Do you have any trouble matching product/service strategy with tech strategy? When it comes to supporting incremental innovation or even adjacent innovation, we don’t tend to run into too many issues with strategy but more with aligning expectations on velocity, something every high-tech company deals with. When it comes to disruptive innovation or transformational innovation then you almost can’t help it especially if you want to connect that innovation into your existing product set eventually. The only way to mitigate this is to communicate as early as possible. We conduct a twice-a-year strategy offsite as a company leadership team which not only helps Engineering and IT get as far ahead as possible in terms of technical strategy but also ensures alignment across the C-suite. 

What makes an effective tech strategy? I am a big believer in John Doerr’s OKR philosophy. Without having specific objectives and associated key results technology strategies can wander or not react to changes in the marketplace, something I have seen numerous times in my career especially as a consultant doing Enterprise Architecture. We are actually in the middle of finalising our own three-year technical strategy and are leveraging a Lean Startup mindset in our approach. 

What predictions do you have for the role of the CTO in the future? I think you will see more CTOs move into CEO positions. The role of technology continues to increase in importance in organisations and having a leader with a strong grasp of how to leverage it for strategic advantage will become more desired. CTO business acumen is ever increasing and this to me is the next logical progression.

What has been your greatest career achievement? I tend to be pretty bad at looking back at my achievements other than to learn from the mistakes I have made. That said I can definitely say that being CTO of Alteryx is the greatest career opportunity I have ever had. It is just an amazing company with an amazing culture that from top to bottom is committed to the challenging journey of becoming the world’s next great analytics company. When my day comes to step away from this place, I am quite positive I will look back at it as the pinnacle of my professional experience.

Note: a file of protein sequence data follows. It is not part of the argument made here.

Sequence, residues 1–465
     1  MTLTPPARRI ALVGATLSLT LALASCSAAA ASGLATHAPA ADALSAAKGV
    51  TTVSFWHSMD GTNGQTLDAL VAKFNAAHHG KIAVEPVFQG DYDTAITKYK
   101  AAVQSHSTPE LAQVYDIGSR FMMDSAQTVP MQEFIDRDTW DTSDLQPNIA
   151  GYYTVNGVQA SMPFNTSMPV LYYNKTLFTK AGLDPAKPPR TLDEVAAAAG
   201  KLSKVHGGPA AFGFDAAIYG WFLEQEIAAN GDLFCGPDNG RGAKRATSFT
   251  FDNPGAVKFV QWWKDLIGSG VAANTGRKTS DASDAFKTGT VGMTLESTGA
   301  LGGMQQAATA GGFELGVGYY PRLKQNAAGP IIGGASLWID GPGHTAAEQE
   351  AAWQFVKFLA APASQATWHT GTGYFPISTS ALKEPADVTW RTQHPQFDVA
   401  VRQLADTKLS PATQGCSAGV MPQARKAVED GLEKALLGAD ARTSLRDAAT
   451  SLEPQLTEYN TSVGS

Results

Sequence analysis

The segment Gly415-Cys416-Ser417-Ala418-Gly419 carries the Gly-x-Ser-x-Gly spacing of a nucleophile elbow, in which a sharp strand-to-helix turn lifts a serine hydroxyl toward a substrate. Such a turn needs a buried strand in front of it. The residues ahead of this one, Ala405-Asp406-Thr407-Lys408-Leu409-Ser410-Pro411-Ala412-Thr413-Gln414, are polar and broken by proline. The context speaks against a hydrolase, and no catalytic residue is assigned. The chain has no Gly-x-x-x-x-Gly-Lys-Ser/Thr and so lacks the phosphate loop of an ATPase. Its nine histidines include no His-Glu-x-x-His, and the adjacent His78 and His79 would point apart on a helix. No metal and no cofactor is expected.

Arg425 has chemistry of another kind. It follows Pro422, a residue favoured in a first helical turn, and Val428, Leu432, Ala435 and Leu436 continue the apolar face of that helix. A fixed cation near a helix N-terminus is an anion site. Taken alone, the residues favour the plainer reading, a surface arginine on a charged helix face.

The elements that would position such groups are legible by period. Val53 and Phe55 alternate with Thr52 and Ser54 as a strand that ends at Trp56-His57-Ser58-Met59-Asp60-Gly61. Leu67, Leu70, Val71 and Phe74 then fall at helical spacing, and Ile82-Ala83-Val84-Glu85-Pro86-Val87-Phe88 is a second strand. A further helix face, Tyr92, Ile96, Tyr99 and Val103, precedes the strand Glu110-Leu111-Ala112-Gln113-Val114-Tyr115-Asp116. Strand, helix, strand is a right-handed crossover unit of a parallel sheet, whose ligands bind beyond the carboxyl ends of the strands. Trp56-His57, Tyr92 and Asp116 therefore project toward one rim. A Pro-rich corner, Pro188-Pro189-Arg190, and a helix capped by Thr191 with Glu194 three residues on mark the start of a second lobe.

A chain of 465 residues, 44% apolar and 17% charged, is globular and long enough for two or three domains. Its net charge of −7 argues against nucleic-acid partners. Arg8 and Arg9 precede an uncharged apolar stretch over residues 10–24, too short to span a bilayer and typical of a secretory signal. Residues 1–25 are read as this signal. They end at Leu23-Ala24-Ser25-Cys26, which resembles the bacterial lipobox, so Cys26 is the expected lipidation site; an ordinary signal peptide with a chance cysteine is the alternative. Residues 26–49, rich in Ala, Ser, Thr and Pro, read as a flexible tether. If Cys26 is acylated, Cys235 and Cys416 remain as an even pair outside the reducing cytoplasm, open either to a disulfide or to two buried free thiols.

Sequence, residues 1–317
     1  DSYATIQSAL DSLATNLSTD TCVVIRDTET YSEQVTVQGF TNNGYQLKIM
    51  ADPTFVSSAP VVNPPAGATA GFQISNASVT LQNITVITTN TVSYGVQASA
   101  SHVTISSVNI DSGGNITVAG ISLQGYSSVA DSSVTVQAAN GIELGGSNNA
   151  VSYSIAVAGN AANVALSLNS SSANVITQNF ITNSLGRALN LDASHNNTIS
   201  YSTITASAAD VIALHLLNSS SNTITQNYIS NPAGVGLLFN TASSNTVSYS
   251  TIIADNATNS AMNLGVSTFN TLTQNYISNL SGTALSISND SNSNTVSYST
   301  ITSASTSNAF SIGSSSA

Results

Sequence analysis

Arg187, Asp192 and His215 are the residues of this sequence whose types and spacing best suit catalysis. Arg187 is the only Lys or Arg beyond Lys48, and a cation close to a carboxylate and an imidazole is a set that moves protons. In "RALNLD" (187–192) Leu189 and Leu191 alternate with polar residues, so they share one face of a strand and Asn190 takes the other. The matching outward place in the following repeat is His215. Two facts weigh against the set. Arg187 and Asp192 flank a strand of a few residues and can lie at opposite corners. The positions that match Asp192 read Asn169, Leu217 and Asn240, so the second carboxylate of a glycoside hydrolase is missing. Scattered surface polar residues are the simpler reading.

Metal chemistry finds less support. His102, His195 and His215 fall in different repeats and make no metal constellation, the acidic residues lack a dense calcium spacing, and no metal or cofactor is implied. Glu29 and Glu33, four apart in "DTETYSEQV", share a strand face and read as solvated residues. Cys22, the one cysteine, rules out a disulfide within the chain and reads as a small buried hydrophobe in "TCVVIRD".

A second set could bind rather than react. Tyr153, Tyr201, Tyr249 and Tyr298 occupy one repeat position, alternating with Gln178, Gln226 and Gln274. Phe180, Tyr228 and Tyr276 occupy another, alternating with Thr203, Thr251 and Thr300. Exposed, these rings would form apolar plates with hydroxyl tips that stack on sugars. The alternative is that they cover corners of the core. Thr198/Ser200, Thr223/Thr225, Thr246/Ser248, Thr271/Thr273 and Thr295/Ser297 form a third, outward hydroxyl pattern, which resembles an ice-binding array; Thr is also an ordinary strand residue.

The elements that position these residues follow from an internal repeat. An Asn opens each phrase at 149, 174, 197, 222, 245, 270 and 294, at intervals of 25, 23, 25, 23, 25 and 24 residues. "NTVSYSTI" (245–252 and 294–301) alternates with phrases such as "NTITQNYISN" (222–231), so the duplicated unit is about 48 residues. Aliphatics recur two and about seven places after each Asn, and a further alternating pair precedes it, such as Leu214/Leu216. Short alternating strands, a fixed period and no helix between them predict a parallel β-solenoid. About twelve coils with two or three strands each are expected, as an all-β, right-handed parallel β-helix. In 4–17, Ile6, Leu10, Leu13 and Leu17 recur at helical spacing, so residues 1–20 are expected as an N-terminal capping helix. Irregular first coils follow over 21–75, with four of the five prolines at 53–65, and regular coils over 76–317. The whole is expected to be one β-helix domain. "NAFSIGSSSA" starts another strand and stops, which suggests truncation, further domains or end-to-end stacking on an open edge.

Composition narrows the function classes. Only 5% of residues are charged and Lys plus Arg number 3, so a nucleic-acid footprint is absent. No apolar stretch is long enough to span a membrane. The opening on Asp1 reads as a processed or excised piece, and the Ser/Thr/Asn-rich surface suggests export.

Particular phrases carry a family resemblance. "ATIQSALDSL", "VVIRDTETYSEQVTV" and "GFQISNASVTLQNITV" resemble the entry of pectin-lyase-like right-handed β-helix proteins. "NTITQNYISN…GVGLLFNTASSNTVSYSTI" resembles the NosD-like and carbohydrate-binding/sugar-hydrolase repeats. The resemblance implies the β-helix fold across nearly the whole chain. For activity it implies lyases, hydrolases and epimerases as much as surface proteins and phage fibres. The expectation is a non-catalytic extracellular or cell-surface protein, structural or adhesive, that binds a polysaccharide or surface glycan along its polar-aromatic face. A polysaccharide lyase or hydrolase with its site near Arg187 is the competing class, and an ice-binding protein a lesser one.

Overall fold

Looking back with 20:20 hindsight, what would you have done differently? I think I would have moved into the open source movement a lot earlier in my career. I grew up professionally building enterprise software with Microsoft technologies and so missed out on much of the open source or even open standards movement. What open source has done for not just the evolution of technology but for accelerating adoption has been nothing short of remarkable.

What are you reading now? I just got done reading Actionable Agile Metrics for Predictability by Daniel Vacanti. He covers the Lean Software Development process from a bit of a different perspective than luminaries like Don Reinersten. I especially liked the sections on SLAs and forecasting. If you haven’t read it, I highly suggest you do.

Most people don't know that I… I am much less social than those that know me realise. I really cherish time alone, especially to think. It can frustrate my poor wife who is a school teacher and thus starved for socialising with other adults, something I completely get so I do my best.

In my spare time, I like to… Outside of spending time with my family I love to fly fish. The tranquillity it brings as well as the fact that you never stop learning is what keeps me coming back. Luckily Colorado isn’t a bad place to live when it comes to fly fishing.

Ask me to do anything but… Well these days I would say manage my own calendar. I used to think I was OK at this until coming to Alteryx where the asks on my time are more than they ever have been, something that comes with this role in a hyper growth, software company. I was recently convinced by my EA to let her handle it from now on, something that didn’t take much convincing considering how poor of a job I was doing with it.